Democrats scored a marquee recruiting win in their fight to retake the Senate in 2020 as rising star Jon Ossoff announced he will run for a seat in battleground Georgia.
The fresh-faced political newcomer, who energized Democrats with a near miss run for Congress in 2017, will challenge incumbent Republican Sen. David Perdue in the Peach State as Democrats mount an uphill battle to grab back the upper chamber.
Georgia, I'm running for Senate.
Political corruption threatens our republic and the future of the planet.
The battle we *began* in Georgia in 2017 will be *won* in Georgia in 2020 when we win the White House and the Senate.
Chip in right now ?? https://t.co/LtaUi1qNNc pic.twitter.com/4BeC5f9jh2
Ossoff, 32, painted Perdue as the quintessential Washington insider who has fallen in line behind President Trump’s unpopular policies.
"Sen. David Perdue is a caricature of Washington corruption,” Ossoff said.
Ossoff launched his campaign by rolling out the endorsement of Rep. John Lewis (D-Ga.), the iconic civil rights leader whose imprimatur could help him lock up the all-important black vote.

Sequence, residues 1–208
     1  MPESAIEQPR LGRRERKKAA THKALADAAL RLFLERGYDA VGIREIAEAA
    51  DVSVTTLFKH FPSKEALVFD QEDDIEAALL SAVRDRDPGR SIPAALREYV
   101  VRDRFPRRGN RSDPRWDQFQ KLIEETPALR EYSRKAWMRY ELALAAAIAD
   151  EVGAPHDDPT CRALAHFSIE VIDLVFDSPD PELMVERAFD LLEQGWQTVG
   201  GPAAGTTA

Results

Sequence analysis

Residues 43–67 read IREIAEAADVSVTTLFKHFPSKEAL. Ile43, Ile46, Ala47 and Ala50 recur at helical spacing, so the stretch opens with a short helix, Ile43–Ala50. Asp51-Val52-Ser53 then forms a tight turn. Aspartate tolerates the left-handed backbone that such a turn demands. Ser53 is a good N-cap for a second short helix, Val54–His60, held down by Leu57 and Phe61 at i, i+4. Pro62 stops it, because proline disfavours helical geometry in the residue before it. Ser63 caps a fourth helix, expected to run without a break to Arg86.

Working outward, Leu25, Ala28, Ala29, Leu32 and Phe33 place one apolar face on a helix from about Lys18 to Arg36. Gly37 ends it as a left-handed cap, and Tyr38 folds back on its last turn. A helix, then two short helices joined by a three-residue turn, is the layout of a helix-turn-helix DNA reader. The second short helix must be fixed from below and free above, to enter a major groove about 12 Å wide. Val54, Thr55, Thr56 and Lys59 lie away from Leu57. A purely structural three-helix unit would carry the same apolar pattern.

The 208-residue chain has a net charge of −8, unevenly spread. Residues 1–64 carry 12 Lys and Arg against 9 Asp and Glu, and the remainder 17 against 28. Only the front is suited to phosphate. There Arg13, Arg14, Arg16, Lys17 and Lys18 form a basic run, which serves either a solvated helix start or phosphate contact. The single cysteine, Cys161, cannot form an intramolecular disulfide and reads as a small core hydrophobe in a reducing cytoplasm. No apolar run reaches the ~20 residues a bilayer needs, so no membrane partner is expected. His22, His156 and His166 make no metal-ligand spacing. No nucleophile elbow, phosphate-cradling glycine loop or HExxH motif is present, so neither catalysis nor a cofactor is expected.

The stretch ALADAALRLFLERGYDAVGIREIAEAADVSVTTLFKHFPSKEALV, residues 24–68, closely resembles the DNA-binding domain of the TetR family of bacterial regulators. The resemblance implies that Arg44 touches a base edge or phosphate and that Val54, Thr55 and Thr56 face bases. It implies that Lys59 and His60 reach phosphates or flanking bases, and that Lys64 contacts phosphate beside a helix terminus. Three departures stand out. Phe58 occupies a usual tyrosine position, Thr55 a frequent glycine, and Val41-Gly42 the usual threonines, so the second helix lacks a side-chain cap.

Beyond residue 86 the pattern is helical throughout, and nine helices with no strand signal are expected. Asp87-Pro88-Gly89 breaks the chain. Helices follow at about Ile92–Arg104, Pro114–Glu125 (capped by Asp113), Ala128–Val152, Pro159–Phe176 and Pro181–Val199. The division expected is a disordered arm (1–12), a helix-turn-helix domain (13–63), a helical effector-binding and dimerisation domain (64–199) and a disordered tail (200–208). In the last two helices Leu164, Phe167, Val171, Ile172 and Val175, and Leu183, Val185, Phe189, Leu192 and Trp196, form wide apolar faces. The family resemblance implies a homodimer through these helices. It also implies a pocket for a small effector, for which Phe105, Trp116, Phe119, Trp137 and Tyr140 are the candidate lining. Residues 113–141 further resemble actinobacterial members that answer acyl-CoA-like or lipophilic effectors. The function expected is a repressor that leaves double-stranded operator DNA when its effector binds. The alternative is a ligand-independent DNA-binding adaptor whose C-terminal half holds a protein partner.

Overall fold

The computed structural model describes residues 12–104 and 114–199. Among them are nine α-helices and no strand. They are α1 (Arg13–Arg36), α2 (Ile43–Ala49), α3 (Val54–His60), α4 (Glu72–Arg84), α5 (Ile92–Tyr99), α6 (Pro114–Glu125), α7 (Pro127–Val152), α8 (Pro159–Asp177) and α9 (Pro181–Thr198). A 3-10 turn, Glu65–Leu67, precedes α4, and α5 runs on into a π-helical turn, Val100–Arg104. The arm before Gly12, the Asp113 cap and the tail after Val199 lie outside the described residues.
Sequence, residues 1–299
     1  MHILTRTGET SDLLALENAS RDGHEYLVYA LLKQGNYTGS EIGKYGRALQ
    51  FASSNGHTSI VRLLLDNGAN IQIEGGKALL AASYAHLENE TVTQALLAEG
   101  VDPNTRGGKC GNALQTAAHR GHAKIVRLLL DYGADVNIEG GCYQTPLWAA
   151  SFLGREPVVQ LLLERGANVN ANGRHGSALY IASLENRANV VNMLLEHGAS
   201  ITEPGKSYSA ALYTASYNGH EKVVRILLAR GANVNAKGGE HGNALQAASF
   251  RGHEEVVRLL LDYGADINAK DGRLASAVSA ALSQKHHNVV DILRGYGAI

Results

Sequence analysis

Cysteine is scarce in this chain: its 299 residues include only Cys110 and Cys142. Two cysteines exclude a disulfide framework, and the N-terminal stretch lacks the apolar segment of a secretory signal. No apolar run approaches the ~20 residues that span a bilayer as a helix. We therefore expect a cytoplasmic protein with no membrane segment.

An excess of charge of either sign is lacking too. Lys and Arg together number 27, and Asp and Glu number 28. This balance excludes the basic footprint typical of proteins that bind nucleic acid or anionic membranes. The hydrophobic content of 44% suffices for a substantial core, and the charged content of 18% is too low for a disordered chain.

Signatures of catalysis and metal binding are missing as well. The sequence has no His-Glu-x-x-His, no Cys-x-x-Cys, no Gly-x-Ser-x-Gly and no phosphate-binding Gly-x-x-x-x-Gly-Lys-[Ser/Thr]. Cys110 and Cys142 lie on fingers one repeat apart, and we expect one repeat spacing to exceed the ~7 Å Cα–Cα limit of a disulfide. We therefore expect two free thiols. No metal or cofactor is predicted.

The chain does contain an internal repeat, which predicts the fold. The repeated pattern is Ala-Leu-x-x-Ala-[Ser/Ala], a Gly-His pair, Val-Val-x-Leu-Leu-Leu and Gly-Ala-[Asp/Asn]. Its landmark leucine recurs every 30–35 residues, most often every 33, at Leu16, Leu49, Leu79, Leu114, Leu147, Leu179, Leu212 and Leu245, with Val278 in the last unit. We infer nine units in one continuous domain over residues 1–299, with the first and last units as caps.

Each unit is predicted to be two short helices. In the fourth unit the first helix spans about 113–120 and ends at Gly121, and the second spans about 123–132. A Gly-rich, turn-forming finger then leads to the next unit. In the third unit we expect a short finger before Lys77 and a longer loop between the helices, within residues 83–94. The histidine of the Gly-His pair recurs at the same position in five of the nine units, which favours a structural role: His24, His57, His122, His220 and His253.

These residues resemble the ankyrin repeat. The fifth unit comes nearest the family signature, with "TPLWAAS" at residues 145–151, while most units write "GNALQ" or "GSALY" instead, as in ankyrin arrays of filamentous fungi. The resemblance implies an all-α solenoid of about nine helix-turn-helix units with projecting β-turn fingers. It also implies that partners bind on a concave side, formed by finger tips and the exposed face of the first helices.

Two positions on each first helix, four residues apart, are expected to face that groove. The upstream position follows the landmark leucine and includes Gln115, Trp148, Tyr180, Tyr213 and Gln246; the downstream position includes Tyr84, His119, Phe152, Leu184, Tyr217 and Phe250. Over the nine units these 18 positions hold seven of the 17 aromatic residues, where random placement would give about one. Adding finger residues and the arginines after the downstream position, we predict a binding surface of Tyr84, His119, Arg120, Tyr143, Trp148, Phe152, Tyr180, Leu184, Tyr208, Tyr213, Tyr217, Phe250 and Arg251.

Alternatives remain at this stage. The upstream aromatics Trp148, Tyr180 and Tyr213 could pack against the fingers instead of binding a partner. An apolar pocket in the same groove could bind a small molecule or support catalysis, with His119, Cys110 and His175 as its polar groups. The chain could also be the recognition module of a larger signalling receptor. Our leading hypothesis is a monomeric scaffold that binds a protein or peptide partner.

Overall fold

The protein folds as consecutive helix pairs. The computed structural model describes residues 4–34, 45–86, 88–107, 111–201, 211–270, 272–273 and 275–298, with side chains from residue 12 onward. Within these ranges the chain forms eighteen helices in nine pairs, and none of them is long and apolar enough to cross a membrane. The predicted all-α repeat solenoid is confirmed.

Perdue wasted little time hitting back at Ossoff, branding him a prisoner of liberal national Democrats.
Three other candidates are already running for the Democratic nod and others may jump in.
Ossoff became a political star in 2017 when he raised millions from small donors nationwide in an effort to flip a deep red suburban Atlanta congressional district. He fell just short but another Democrat won the seat in 2018, signaling Democratic strength in suburbs populated by well-educated moderate voters.
Georgia’s other Senate seat will also be up for grabs next November in a special election forced by the planned retirement of GOP Sen. Johnny Isakson for health reasons.
That makes the state a potential Ground Zero in Democrats’ fight to take back the Senate from Republicans, who now hold a 53-47 lead. The GOP faces a tricky political map with some 22 incumbents facing reelection in 2020.
If Trump remains unpopular, it will be difficult to fend off Democrats in battleground states and even Republican strongholds like Georgia could be in play. The president beat Hillary Clinton by a slender 5% margin and demographic changes have given Democrats hope of flipping it in coming years.